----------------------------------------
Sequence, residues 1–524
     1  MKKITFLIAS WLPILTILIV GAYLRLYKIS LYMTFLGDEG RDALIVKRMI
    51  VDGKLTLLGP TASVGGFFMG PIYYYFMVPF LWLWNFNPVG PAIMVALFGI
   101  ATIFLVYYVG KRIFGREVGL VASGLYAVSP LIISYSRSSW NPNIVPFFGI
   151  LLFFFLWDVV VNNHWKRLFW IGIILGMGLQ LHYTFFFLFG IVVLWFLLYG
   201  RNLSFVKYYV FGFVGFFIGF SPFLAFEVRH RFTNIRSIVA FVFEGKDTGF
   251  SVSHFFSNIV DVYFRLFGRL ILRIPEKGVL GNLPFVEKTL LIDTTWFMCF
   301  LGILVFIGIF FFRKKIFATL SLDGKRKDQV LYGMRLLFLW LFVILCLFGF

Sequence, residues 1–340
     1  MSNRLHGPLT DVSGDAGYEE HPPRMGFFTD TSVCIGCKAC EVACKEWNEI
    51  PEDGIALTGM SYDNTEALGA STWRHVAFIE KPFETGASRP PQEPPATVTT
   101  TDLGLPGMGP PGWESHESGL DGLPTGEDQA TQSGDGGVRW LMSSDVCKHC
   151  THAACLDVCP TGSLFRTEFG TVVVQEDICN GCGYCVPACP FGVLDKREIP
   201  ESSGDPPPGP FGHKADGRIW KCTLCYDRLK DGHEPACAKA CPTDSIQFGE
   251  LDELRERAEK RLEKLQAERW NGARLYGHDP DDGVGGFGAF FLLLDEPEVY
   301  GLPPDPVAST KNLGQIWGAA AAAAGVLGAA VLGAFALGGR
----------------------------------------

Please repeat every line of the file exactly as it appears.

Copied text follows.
Sequence, residues 1–524
     1  MKKITFLIAS WLPILTILIV GAYLRLYKIS LYMTFLGDEG RDALIVKRMI
    51  VDGKLTLLGP TASVGGFFMG PIYYYFMVPF LWLWNFNPVG PAIMVALFGI
   101  ATIFLVYYVG KRIFGREVGL VASGLYAVSP LIISYSRSSW NPNIVPFFGI
   151  LLFFFLWDVV VNNHWKRLFW IGIILGMGLQ LHYTFFFLFG IVVLWFLLYG
   201  RNLSFVKYYV FGFVGFFIGF SPFLAFEVRH RFTNIRSIVA FVFEGKDTGF
   251  SVSHFFSNIV DVYFRLFGRL ILRIPEKGVL GNLPFVEKTL LIDTTWFMCF
   301  LGILVFIGIF FFRKKIFATL SLDGKRKDQV LYGMRLLFLW LFVILCLFGF

Sequence, residues 1–340
     1  MSNRLHGPLT DVSGDAGYEE HPPRMGFFTD TSVCIGCKAC EVACKEWNEI
    51  PEDGIALTGM SYDNTEALGA STWRHVAFIE KPFETGASRP PQEPPATVTT
   101  TDLGLPGMGP PGWESHESGL DGLPTGEDQA TQSGDGGVRW LMSSDVCKHC
   151  THAACLDVCP TGSLFRTEFG TVVVQEDICN GCGYCVPACP FGVLDKREIP
   201  ESSGDPPPGP FGHKADGRIW KCTLCYDRLK DGHEPACAKA CPTDSIQFGE
   251  LDELRERAEK RLEKLQAERW NGARLYGHDP DDGVGGFGAF FLLLDEPEVY
   301  GLPPDPVAST KNLGQIWGAA AAAAGVLGAA VLGAFALGGR